Tuesday, October 22, 2013

A berry nice before and after

Today I spent the morning trellising our berry plants, which were fragile-looking little sticks when we put them in last April.  I think right now we have a total of 20 plants -- raspberries, ollalieberries, blueberries and blackberries -- which have grown exponentially since we planted them.  It's pleasant work, trellising.  You stand around in the fall sunshine, winding the longer vines along the trellis gently, making them support themselves and keeping their growth off the ground.  It reminds you that harvest is done and cold weather is coming, when these vines will sleep and continue putting down roots, getting ready to explode again in spring, with leaves and blossoms galore.

It amazes me how quickly these have grown; they have matured much faster than any of the other landscape plants or fruit trees we planted in early '13.  It makes me realize why berry patches are seen as aggressive interlopers in gardens in other areas of the country, they certainly are hardy and fast to mature.  But here, they are manageable (even in the wild) and so are a welcome addition to our homestead.

The original idea was never to have these many berries, but when I ordered the ollalieberries, I ordered what I thought were three plants, only to discover that each "plant" delivered was actually a bunch -- containing five separate twigs, with each twig capable of growing into its own plant.  So with some attrition (a few of the twigs never produced leaves and were apparently dead on arrival) we ended up with 12 ollalieberry bushes, which is great for us since we absolutely love ollalieberry pies.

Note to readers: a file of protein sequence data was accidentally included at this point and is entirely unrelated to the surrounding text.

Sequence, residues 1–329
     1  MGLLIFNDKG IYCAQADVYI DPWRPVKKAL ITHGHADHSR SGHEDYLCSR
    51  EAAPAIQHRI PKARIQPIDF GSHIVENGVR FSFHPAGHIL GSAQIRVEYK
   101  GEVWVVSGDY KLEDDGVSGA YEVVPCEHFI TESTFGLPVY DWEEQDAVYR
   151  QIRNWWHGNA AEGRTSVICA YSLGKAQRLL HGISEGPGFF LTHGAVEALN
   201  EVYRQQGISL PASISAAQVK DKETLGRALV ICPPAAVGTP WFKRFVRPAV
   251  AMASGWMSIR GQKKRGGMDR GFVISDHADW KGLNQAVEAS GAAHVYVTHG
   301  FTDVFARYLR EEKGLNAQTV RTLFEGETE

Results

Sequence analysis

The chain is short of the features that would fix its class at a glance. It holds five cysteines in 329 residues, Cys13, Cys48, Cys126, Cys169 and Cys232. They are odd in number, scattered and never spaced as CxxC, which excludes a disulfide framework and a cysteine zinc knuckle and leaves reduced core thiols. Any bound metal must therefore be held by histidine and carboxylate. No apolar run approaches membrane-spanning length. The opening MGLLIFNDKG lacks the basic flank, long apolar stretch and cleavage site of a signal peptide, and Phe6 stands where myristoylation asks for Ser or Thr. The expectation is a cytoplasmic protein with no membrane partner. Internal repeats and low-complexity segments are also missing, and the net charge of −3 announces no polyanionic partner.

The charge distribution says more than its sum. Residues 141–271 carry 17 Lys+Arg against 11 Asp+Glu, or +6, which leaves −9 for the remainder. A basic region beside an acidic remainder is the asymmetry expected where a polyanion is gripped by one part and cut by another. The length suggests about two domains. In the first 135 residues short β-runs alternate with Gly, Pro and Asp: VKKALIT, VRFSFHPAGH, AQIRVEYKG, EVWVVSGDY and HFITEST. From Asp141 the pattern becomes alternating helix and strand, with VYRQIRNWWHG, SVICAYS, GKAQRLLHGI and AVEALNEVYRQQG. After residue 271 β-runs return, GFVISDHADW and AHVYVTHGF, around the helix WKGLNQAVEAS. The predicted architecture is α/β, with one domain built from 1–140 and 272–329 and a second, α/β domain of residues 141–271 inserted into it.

Here's a before and after, taken from the same spot out in the pasture, showing how much everything has grown since early spring of last year, or roughly six months from planting day.

From sticks

to bushes


  1. That is great! I've never even heard of ollallieberries. I have two blueberry bushes but they are purely decorative at this point. I get some blueberries but the birds get most. Have you ever seen Martha Stewart's caged-in berry patch? It's brilliant. She grows her berries under a pergola and once fruit is set she covers the pergola in fine mesh screening so the birds can't get in.

  2. Like Martha, I think I will definitely be covering these bushes with mesh, I do share many fruits in my orchard with the birds but I'm NOT sharing these berries! They're too good to share!